Contrary to popular opinion and the recent historical record the British invented neither cunning nor deception. While this book covers many of their better publicized efforts we have illustrated the entry with photographs of the largely American efforts during the two world wars – it was, after all, the Americans who won both wars after Britain’s mismanagement and near collapse.
A genius for deception : how cunning helped the British win two world wars Nicholas Rankin Oxford ; New York : Oxford University Press, 2009 Hardcover. First published in Great Britain as Churchill’s wizards : the British genius for deception, 1914-1945 in 2008 by Faber and Faber. 1st US ed., later printing. xiv, 466 p.,  p. of plates : ill. ; 25 cm. Includes bibliographical references and index. Clean, tight and strong binding with clean dust jacket. No highlighting, underlining or marginalia in text. VG/VG
In February 1942, intelligence officer Victor Jones erected 150 tents behind British lines in North Africa. “Hiding tanks in Bedouin tents was an old British trick,” writes Nicholas Rankin. German general Erwin Rommel not only knew of the ploy, but had copied it himself. Jones knew that Rommel knew. In fact, he counted on it – for these tents were empty. With the deception that he was carrying out a deception, Jones made a weak point look like a trap.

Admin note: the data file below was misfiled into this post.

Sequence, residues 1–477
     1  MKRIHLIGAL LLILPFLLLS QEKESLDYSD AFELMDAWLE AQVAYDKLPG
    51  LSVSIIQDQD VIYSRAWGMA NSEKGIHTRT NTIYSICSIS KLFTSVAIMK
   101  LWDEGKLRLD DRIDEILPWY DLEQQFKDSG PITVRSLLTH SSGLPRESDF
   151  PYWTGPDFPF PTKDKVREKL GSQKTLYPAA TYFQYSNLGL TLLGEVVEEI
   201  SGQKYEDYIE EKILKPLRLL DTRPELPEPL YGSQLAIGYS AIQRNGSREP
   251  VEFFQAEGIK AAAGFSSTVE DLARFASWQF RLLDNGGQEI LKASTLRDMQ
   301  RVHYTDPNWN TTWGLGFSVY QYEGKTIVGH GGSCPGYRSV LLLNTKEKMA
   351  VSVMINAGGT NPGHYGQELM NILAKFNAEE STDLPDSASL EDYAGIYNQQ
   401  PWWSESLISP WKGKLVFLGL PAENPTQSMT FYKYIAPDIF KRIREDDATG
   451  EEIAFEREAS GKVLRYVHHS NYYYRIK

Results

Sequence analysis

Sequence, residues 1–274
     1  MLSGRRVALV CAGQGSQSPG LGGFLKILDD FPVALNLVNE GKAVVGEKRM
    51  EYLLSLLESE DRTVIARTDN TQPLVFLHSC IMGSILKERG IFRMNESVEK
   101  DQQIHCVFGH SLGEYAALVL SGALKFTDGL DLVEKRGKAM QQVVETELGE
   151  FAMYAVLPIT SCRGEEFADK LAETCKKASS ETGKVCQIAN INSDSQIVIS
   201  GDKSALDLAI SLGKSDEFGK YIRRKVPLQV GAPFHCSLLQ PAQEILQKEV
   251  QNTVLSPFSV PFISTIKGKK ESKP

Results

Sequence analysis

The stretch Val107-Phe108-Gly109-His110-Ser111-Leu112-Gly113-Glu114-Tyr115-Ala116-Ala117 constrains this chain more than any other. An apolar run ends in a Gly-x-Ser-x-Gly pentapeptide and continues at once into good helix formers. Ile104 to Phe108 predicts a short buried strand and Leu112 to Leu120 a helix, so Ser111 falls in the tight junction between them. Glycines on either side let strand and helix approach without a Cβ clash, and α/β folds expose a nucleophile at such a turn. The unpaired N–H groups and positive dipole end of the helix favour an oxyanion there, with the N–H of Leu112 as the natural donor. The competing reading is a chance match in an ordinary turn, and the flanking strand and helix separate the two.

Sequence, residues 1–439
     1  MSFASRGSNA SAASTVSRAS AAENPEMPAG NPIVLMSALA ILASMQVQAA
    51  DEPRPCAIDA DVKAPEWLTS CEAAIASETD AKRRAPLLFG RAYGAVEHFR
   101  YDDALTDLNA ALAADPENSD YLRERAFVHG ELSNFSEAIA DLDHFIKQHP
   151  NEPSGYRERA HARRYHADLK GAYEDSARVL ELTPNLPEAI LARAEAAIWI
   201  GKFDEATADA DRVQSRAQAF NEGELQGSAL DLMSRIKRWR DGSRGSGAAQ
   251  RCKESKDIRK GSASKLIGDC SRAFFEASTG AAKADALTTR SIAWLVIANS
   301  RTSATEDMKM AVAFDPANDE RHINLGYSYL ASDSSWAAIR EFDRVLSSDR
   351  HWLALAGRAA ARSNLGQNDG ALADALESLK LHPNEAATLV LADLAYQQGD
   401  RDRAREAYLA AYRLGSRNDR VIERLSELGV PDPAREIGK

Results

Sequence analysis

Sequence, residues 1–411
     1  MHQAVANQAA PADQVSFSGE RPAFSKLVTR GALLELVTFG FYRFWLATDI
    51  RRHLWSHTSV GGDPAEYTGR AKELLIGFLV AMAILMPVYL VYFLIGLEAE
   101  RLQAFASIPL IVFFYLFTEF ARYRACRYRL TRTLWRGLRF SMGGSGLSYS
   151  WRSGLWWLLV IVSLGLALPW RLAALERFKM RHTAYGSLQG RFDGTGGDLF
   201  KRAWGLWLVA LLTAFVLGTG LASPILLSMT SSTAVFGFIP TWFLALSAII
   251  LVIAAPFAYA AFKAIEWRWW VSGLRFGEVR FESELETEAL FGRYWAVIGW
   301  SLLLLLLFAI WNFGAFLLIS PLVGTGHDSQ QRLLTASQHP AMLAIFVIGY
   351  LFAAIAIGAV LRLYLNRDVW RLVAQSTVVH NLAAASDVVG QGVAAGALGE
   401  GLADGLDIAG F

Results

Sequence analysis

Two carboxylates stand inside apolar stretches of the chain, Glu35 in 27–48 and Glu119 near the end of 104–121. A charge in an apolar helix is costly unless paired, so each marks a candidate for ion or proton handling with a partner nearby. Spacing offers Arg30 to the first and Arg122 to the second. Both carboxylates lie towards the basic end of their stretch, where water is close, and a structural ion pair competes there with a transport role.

In A Genius for Deception, Nicholas Rankin offers a lively and comprehensive history of how Britain bluffed, tricked, and spied its way to victory in two world wars. As Rankin shows, a coherent program of strategic deception emerged in World War I, resting on the pillars of camouflage, propaganda, secret intelligence, and special forces. All forms of deception found an avid sponsor in Winston Churchill, who carried his enthusiasm for deceiving the enemy into World War II.
Rankin vividly recounts such little-known episodes as the invention of camouflage by two French artist-soldiers, the creation of dummy airfields for the Germans to bomb during the Blitz, and the fabrication of an army that would supposedly invade Greece. Strategic deception would be key to a number of WWII battles, culminating in the massive misdirection that proved critical to the success of the D-Day invasion in 1944.